The work of Frans Bosch and John Pryor has created a new discussion around strength training, coordination, and motor learning over the past few years. Bosch has been a thought leader, while Pryor has taken the application of the concepts to new levels in his work with Japan and Fiji rugby. Both are coming to the US in December for a series of seminars, and we got them to join the GAINcast for a two-part interview on a wide range of topics. Part 1 of our interview looks at how their work has evolved and how they began working together, transfer of training, the role of traditional strength training, and misinterpretations of Bosch’s work.
Notes and quotes
Bosch has his roots in athletics where he coached many world class jumpers and served as high jump national coach for Holland. More recently he has worked as a lecturer in motor learning and training theory and has worked as a consultant and specialist coach for the Welsh and Japanese national rugby teams and the West Ham United Football Club.
Pryor is currently the head of strength and conditioning for Fiji Rugby and has previously served in the same role for Japan Rugby, as well as several top professional clubs including the Brumbies and Suntory Sungoliath.
- 4:30 – The Genesis
- 9:15 – Understanding anatomy: “There is a boundary between fighting the body to beat it into submission and working with the body and going along with the way it is organized. If you don’t know anatomy, you don’t know which you are doing. “
- 11:00 – Motor learning, finding connections and the difference between practice and learning results: “The better your practice session result is, the less you have learned. Practice results are not learning results. “
- 18:15 – How does traditional strength training fit in? “You need traditional strength training, but it is not the foundation. “
- 23:15 – Understanding near transfer and far transfer and transfer mechanisms: “How many classic exercises in the gym have far transfer and transfer away from the movement pattern itself? Most classic exercises only transfer to something that resembles it. ” “The transfer mechanism is never the magnitude of the force. What transfers if the stability of the pattern which produced the force. The body wants to transfers stable components of movement, not unstable components. “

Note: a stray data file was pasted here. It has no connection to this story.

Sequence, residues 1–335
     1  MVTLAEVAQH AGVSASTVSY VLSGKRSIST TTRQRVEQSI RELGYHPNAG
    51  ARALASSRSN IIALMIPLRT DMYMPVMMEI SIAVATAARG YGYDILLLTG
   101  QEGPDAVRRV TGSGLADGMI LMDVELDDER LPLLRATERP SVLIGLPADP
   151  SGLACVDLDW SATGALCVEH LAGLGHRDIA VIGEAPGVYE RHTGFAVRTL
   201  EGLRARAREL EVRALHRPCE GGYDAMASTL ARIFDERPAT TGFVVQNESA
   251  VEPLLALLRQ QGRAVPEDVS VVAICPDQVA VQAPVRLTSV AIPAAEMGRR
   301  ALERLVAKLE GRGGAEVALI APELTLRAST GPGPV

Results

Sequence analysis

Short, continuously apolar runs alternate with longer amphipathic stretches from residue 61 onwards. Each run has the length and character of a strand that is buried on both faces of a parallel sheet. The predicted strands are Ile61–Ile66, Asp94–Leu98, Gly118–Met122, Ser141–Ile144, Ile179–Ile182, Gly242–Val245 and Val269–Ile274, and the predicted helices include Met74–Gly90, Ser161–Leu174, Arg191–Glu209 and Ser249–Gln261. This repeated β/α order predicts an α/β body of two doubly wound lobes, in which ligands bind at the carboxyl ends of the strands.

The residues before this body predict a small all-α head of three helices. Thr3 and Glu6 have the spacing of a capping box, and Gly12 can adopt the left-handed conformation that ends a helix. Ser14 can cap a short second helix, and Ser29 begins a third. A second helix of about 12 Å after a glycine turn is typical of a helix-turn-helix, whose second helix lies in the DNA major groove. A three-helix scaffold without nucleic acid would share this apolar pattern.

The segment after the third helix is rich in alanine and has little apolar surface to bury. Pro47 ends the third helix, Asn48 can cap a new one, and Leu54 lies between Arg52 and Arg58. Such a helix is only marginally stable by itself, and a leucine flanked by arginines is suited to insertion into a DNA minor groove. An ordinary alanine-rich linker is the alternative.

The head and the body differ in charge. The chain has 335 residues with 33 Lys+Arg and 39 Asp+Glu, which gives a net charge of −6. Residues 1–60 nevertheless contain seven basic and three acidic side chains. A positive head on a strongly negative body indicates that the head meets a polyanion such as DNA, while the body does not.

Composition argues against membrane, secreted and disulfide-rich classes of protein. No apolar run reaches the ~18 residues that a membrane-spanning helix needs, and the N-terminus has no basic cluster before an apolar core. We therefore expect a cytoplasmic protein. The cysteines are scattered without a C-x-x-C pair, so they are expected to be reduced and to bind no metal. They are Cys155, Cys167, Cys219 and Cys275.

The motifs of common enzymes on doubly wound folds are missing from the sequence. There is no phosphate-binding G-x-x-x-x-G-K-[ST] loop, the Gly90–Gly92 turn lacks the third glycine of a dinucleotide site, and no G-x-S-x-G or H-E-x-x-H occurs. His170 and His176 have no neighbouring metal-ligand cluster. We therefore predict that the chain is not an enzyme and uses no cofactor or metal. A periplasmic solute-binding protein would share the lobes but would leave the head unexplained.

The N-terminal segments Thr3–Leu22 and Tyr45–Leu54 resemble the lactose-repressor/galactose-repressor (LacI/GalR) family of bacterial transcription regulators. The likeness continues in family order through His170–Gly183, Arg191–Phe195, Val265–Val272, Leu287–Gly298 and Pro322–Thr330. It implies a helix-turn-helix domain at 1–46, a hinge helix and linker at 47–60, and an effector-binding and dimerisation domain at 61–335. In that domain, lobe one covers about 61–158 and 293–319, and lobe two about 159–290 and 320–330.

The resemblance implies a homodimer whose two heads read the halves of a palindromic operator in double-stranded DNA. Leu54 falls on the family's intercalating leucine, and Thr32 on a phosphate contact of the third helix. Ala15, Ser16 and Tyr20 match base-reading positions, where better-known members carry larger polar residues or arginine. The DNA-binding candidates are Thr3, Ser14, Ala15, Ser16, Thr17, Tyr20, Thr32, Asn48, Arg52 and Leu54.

- 26:30 – Misinterpretations of Bosch’s work. “The results you want to get have to be self-organized and emerge from the organism itself. ” “Understand the intention of the movement. It’s not a competition about what looks the most creative, it is about what has the best intention and transfer. “
- 31:00 – Replacing coaching cues with a better training environment: “If you design the drill really well and the intention is clear to the athlete, there is no need for the coach to give huge amounts of feedback. You don’t just lose the cueing, you replace it with an environment to guide the system.”
To hear more about these topics you can listen to the full episode above. If you like what you hear on the GAINcast, don’t forget to give us a review and subscribe on iTunes.
The following links were referenced in the podcast or provide some additional reading material on the topic:
- Both Bosch and Pryor are interviewed in our latest book Training Talk: Conversations with a Dozen Master Coaches for more in-depth insights on training from some of the world’s top coaches. Bosch’s book Strength Training and Coordination: An Integrative Approach is also available in the HMMR store.
- You can learn more from Bosch and Pryor on Twitter at @fransboschbook and @fit3k. You can register for their upcoming seminar series in the US here.
- We have lots of other additional resources on the site from both, including more to come later this month. Don’t forget to join HMMR Plus to get full access to the following: